Anthony D. Martin
In a stunning revelation Wednesday, several top U.S. corporations are seriously considering dropping employee health insurance coverage in light of what they see as the inevitable consequence of ObamaCare--skyrocketing costs.
The companies state that after their legal experts poured over the thousands of pages in the new law, it will cost them less to pay the fines for not providing healthcare coverage for employees than continuing to provide employer-paid health insurance benefits.
As a side-note to the announcement, the companies maintain that ObamaCare will result in a dramatic increase in expenses for providing employee coverage, with added costs skyrocketing to multi-billions of dollars.
According to Business Record:
Additionally, the penalties to businesses for not offering coverage are less expensive than the cost of providing insurance, she said. "But for those that aren't providing coverage now, this is a huge burden to them. And for employers that have a lot of employees working 30 hours (the threshold to be considered full- ime), you may have a lot of businesses cutting them back to 29 hours."
Business Record maintains that despite this fact most companies will probably try to continue to provide coverage.
But a report issued today in Fortune Magazine and reported by CNN indicates that the dire warnings of ObamaCare critics concerning the consequences of approving the costly legislation are in fact well-founded.
The report points to internal documents from AT&T, Verizon, John Deere, and several other large corporations which show that executives are, in fact, looking at the option of dropping healthcare coverage for employees due to what they are sure will be unsustainable increases in costs. These costs will be so prohibitive that it would benefit the corporations to pay the government fines instead:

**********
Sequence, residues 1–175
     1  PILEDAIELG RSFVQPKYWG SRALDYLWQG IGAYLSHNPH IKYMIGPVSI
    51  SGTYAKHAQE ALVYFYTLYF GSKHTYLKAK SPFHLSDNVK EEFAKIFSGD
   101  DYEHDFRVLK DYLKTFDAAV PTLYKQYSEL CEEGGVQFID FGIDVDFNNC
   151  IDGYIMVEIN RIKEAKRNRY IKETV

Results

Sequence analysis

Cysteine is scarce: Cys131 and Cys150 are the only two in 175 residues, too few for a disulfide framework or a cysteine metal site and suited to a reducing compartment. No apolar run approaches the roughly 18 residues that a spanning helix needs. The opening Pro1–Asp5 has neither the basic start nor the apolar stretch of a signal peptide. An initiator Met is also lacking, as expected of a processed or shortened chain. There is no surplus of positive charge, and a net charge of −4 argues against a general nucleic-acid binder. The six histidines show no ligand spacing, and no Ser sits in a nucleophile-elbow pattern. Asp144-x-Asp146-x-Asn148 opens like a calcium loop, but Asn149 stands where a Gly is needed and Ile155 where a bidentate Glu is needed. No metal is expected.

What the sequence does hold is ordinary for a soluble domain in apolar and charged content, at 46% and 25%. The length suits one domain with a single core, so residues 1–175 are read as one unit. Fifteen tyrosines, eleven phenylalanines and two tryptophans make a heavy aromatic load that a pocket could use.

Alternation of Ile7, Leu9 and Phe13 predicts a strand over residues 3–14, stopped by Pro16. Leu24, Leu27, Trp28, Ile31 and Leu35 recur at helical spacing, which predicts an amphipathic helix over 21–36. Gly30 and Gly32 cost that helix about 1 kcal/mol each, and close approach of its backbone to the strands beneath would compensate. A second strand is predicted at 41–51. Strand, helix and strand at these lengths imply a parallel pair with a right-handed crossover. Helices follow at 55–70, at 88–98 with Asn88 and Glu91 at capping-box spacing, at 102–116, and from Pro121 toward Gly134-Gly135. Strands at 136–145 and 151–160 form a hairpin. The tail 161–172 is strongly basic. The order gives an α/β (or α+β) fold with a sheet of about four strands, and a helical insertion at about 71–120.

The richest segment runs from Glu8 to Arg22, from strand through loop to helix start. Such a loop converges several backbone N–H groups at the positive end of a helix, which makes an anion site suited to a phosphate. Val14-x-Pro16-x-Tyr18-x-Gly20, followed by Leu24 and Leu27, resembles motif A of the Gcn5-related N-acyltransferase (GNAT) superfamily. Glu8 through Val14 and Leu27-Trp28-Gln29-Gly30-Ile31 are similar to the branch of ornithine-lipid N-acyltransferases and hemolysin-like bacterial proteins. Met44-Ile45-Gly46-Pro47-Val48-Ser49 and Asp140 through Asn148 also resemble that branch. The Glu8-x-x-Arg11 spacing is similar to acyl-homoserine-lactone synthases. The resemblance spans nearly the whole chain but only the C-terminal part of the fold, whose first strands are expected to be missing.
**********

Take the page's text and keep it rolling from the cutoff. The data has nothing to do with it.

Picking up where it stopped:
Internal documents recently reviewed by Fortune, originally requested by Congress, show what the bill's critics predicted, and what its champions dreaded: many large companies are examining a course that was heretofore unthinkable, dumping the health care coverage they provide to their workers in exchange for paying penalty fees to the government.
That would dismantle the employer-based system that has reigned since World War II. It would also seem to contradict President Obama's statements that Americans who like their current plans could keep them. And as we'll see, it would hugely magnify the projected costs for the bill, which controls deficits only by assuming that America's employers would remain the backbone of the nation's health care system.
Hence, health-care reform risks becoming a victim of unintended consequences. Amazingly, the corporate documents that prove this point became public because of a different set of unintended consequences: they told a story far different than the one the politicians who demanded them expected.
This information will most certainly be added motivation for those who are intent on repealing ObamaCare following the November 2010 midterm elections, or at the very least refusing to fund the program which was passed by Congress as an appropriations measure.
For commentary on the issues of the day, visit my blog at The Liberty Sphere.
May 5, 2010